July 27, 2016 at 3:24 pm EDT | by Chris Johnson
Chelsea Clinton: ‘Ex-gay’ therapy most offensive part of GOP confab
Chelsea Clinton, gay news, Washington Blade

Chelsea Clinton speaks at an event for LGBT Democratic National Convention delegates hosted by the Human Rights Campaign and the Victory Fund on July 27, 2016. (Washington Blade photo by Michael Key)

PHILADELPHIA — Chelsea Clinton said Wednesday the “most offensive” thing about last week’s Republican National Convention was the embrace of widely discredited “ex-gay” conversion therapy in the party platform.

“I think what I found most offensive really has to be, as a mom, the open embrace of conversion therapy in the Republican Party platform,” Clinton said. “In other words, child abuse.”

Although Clinton called Republican remarks in Cleveland as a whole “divisive, degrading, demeaning,” she said language in support of conversion therapy should itself be a “clarion call” to elect her mother, Hillary Clinton, as well as Democrats up and down the ballot.

Chelsea Clinton said the 2016 election is the most important in her lifetime, first because it’s the first election in which she’s voting as a mother, and second because of the risk to recent accomplishments on LGBT rights.

“When I think about the world that I hope for my children, when I hope that they can be safe and secure and loved and supported and be whomever they want to be and whomever they feel called to be with whomever they want to love in their lives, that vision is at risk given what Trump and Pence are currently campaigning on,” Clinton said.

Clinton made the remarks before an estimated 300 attendees at a lunch event for LGBT delegates co-hosted by the Human Rights Campaign and the Gay & Lesbian Victory Institute at the Hilton Philadelphia.

Taking the podium to a standing ovation, Clinton urged the audience to sit down, saying if they didn’t she would start crying. Reflecting on the speech from former President Bill Clinton on the previous night, Chelsea Clinton said not crying has been a challenge for her throughout the convention because she “almost cried many times when my father spoke last night.”

Clinton touted the number of openly LGBT candidates running in the 2016 election, saying the country must “elect people who reflect our values” to ensure her mother can make good on her campaign promises.

The goals around LGBT rights Clinton said her mother plans to achieve are signing the Equality Act into law, signing legislation barring widely discredited “ex-gay” conversion therapy nationwide, clearing military records for gay troops discharged because of their sexual orientation and helping LGBT youth obtain needed services and support.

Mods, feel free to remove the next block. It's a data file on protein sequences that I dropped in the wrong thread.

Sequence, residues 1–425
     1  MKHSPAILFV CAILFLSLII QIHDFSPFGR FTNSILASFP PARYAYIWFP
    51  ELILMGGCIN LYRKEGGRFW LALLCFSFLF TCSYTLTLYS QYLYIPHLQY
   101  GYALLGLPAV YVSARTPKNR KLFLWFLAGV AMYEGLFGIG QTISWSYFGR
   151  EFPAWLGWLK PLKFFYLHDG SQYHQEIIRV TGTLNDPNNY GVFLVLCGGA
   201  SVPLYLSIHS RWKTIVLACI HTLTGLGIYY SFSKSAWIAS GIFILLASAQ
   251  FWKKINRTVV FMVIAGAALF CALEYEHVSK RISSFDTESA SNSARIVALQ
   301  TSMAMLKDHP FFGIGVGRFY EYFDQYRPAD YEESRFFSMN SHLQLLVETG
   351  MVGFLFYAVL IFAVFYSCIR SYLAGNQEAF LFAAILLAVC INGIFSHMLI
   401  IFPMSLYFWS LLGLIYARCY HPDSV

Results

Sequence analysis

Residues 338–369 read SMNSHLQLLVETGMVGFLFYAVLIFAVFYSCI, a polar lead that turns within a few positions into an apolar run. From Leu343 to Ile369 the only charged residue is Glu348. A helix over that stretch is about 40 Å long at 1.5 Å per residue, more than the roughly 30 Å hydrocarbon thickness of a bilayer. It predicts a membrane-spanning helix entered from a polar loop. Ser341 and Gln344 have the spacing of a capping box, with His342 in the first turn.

“I will do everything I can between now and November to ensure that as many people I can reach know what’s really at stake in this election, and how mom is fighting for and how she has fought for a better life in stark contrast to what Trump and Pence are proposing,” Clinton said. “And I hope that all of you will continue to be part of this effort.”

Republican National Committee Chair Reince Priebus has denied the party platform endorses “ex-gay” therapy. The language says, “We support the right of parents to determine the proper medical treatment and therapy for their minor children.”

Other speakers at the event sounded the alarm over Trump and running mate Indiana Gov. Mike Pence for the perceived threat they pose to LGBT people.

Rep. Mark Takano (D-Calif.) a gay lawmaker, referred to Pence’s campaign platform in 2000 as a U.S. House candidate, which said he wouldn’t back federal HIV/AIDS funds unless money was cut to initiatives “that celebrate and encourage the types of behaviors that facilitate the spreading of the HIV virus.”

“This is a man who cut HIV funding and then put all that money that he took out of HIV funding into gay conversion therapy,” Takano said. “What kind of person does that?”

An audience member shouted out in response, “A horrible one,” eliciting applause from the audience.

Attendees hissed when Chad Griffin, president of the Human Rights Campaign, said the Trump-Pence ticket was the biggest threat to LGBT people ever posed by a presidential ticket.

“The true test of all our success will be whether we’re able to protect and build on the progress that we all made under President Obama, or whether we will allow it all to be stripped away, stripped away by the gravest threat our community has ever faced in a presidential election,” Griffin said.

Massachusetts Attorney General Maura Healey, the first openly gay state attorney general, said the Republicans are being “downright scary” by proposing an anti-LGBT platform, an anti-LGBT governor as vice president and state anti-LGBT laws.

Rep. Mark Pocan (D-Wis.), another gay lawmaker, accused the GOP of being “more worried about who’s in our bathrooms than who’s buying guns” in the United States, referencing the party’s anti-trans bathroom measures and lack of support for gun safety.

Pocan also chided Trump for stumbling over the LGBTQ acronym during his acceptance speech at the Republican convention and for his use of the phrase “ask the gays” to compare himself to Clinton.

“Whenever you put pronouns in front of the word gays, you’ve lost any positive connotation,” Pocan said.

Chris Johnson is Chief Political & White House Reporter for the Washington Blade. Johnson attends the daily White House press briefings and is a member of the White House Correspondents' Association. Follow Chris

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